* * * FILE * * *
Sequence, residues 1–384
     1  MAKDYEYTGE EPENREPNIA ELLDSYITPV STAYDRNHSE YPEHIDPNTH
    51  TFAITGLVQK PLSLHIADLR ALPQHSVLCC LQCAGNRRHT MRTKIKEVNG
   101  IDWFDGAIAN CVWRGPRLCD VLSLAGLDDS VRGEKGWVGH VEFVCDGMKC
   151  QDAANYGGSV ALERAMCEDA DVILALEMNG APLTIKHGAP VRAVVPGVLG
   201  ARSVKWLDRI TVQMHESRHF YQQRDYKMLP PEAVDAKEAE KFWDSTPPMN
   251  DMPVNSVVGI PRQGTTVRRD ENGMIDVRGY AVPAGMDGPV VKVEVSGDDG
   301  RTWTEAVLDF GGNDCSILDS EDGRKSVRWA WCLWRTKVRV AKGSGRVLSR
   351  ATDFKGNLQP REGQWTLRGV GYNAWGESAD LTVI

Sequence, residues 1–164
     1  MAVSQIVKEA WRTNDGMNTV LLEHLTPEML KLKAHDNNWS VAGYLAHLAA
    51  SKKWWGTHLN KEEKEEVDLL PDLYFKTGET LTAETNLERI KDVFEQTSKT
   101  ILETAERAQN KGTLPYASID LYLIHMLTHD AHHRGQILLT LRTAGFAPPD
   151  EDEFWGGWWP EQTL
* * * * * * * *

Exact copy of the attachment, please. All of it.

Sequence, residues 1–384
     1  MAKDYEYTGE EPENREPNIA ELLDSYITPV STAYDRNHSE YPEHIDPNTH
    51  TFAITGLVQK PLSLHIADLR ALPQHSVLCC LQCAGNRRHT MRTKIKEVNG
   101  IDWFDGAIAN CVWRGPRLCD VLSLAGLDDS VRGEKGWVGH VEFVCDGMKC
   151  QDAANYGGSV ALERAMCEDA DVILALEMNG APLTIKHGAP VRAVVPGVLG
   201  ARSVKWLDRI TVQMHESRHF YQQRDYKMLP PEAVDAKEAE KFWDSTPPMN
   251  DMPVNSVVGI PRQGTTVRRD ENGMIDVRGY AVPAGMDGPV VKVEVSGDDG
   301  RTWTEAVLDF GGNDCSILDS EDGRKSVRWA WCLWRTKVRV AKGSGRVLSR
   351  ATDFKGNLQP REGQWTLRGV GYNAWGESAD LTVI

Sequence, residues 1–164
     1  MAVSQIVKEA WRTNDGMNTV LLEHLTPEML KLKAHDNNWS VAGYLAHLAA
    51  SKKWWGTHLN KEEKEEVDLL PDLYFKTGET LTAETNLERI KDVFEQTSKT
   101  ILETAERAQN KGTLPYASID LYLIHMLTHD AHHRGQILLT LRTAGFAPPD
   151  EDEFWGGWWP EQTL